If someone does a contract flight, or a mechanic does contract maintenance for an aircraft owner and they refuse to pay after the fact, what options do they have to "encourage" the owner to pay? One of the big problems is that this tends to happen informally: Owner: "Hey, can you do this flight for me?" Pilot: "Sure, I charge $xxx." " Owner: "Okay, great. See you on Monday morning at 9:00." Pilot: "Sounds good, see you then." So they show up, do the flight, send an invoice, and wait. And wait.. And wait.... After a few weeks or 30 days, they send the invoice again. Give
There are various services that use world-wide Boeing Winds for forecast wind data which can be used to calculate an approximate flight time between two locations. They usually have best case, worst case, and average case for each location, altitude, and date in the future. I have searched and searched Google to no avail. Where can this wind data be found, and how can it be used in a commercial product? For those of you who don't know what the Boeing winds are, I found this description of their software product on am informal message board (not related to Boeing): PC WindTemp
Suppose you're the co-pilot on a flight and during pre-flight, talking to the captain, you smell alcohol. Although you didn't see him drinking and the smell isn't strong, what does regulation stipulate you should do?
Hi – Here’s the scenario: The flight starts night VFR, with broken ceiling at destination (class C airspace) and expected to improve according to the pre-flight abbreviated briefing. I'm IFR... on the ground/view of rwy)? c). other? BTW: I did read How do you request a "pop up" IFR clearance? . In my scenario I have the time to call FSS, there is no emergency, I'm on flight following... to file one way or another. Approach is busy, but not overwhelmed. What is the best way to handle this situation on the radio? I have the ATIS, picked an approach and have a squawk code (advisories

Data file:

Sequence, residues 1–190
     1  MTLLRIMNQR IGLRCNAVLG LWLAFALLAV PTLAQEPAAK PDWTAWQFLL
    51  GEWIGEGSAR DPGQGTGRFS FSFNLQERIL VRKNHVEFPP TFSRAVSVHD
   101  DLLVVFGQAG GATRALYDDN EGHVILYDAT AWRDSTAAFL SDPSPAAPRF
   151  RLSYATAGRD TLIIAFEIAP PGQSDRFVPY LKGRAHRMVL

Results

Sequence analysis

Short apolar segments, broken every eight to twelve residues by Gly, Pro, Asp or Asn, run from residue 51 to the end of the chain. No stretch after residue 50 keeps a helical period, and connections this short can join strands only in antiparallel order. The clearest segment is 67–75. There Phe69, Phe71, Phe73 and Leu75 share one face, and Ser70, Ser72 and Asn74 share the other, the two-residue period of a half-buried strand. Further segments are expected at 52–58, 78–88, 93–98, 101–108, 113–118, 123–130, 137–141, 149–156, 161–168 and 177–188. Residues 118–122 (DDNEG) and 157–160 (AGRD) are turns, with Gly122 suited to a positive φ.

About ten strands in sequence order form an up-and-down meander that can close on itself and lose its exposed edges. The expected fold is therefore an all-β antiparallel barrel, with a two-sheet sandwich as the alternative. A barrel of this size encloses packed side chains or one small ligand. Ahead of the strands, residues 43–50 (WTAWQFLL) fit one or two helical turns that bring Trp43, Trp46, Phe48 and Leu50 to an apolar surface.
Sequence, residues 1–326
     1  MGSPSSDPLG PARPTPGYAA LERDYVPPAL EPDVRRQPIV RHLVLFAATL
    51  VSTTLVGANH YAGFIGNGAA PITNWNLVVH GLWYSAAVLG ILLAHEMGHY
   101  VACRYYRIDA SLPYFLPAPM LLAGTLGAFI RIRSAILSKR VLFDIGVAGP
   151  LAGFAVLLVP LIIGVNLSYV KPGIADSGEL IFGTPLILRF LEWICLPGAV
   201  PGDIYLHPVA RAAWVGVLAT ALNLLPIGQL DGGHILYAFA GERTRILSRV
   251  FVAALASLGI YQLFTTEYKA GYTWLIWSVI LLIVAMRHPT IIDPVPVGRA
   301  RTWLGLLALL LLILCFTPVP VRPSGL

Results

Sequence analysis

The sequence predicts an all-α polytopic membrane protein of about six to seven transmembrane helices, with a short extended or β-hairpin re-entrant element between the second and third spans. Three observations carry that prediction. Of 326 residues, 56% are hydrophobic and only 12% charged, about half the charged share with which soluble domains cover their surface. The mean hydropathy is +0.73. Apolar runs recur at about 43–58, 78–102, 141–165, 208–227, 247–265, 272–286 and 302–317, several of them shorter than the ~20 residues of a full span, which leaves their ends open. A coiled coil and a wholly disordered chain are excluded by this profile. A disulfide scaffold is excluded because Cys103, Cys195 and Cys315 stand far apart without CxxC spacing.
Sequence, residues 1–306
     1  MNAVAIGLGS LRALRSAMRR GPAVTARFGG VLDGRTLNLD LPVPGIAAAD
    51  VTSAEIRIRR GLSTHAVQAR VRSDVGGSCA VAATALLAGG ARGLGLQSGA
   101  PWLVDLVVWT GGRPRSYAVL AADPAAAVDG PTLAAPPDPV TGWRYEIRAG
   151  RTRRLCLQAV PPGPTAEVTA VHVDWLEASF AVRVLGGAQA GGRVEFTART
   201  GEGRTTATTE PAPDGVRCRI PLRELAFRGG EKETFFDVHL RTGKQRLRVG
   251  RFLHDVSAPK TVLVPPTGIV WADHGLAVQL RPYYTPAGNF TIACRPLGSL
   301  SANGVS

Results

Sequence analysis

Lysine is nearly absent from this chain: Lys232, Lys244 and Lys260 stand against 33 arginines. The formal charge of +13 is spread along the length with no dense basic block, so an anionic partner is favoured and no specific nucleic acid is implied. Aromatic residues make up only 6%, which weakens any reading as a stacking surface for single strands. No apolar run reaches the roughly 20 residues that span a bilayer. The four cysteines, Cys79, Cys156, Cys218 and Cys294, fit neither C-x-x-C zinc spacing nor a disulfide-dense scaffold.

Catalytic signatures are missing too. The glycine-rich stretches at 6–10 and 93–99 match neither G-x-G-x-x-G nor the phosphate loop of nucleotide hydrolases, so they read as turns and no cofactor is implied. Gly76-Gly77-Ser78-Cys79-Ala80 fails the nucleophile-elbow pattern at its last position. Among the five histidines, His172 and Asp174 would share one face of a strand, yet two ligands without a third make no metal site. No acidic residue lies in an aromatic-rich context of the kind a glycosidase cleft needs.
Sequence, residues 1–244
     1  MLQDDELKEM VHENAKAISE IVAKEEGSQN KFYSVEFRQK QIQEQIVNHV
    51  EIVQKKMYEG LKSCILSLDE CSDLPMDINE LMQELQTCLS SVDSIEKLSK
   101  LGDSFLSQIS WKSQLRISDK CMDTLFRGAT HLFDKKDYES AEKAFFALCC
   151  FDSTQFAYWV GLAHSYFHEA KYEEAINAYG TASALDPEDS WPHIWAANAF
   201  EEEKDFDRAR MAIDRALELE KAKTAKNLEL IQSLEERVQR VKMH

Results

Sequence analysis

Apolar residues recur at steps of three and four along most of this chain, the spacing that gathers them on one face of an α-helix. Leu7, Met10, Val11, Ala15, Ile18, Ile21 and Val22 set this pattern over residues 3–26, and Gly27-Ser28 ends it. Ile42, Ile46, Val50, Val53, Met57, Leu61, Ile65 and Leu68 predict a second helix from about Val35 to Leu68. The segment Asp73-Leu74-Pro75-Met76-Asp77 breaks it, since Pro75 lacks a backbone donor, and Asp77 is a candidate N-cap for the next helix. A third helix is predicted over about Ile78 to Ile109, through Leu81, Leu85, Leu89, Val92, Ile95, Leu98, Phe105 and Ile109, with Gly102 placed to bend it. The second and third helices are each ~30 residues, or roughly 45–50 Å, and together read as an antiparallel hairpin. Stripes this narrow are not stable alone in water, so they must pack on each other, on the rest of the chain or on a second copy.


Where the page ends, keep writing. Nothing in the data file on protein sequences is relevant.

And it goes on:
Sorry for the slightly strange question, but Ryanair (Europe's Largest Low Cost Carrier) decided that seat back pockets took too much effort and got rid of them, and it appears the sick bags in the process. So the question comes up... What happens when Ryanair flights encounter turbulence? I can hardly imagine the Flight Attendants handing out bags ad-hoc when it's sufficiently shaky to cause motion sickness among the passengers.
I just finished reading an interesting post where the author suggests that the missing Malaysian Airlines flight 370 could have 'hidden' under the cover of Singapore Airlines flight 68 to fly...) sounds plausible. I also read another book where a bomber (flying under the identity of a commercial jet) masked a business jet to get it into an area without detection. Naturally, both examples are taken... there might be some radio interference or static from such as large aircraft behind them? Are there every any issues when refueling aircraft do this sort of thing? What is the resolution of radar? Would one
that it must be engaged, or even operative. Simply "equipped", and also that this is to approve an aircraft for RVSM. From what I can find, there is no operational requirement for the autopilot to actually be working or engaged. Assuming that my MEL allows me to defer the autopilot and still fly, can I fly in RVSM airspace? Some people however say that if you are in RVSM airspace...FAR Part 91, Appendix G, Section 2 says: (c) Altitude-keeping equipment: All aircraft. To approve an aircraft group or a nongroup aircraft, the Administrator must find that the aircraft meets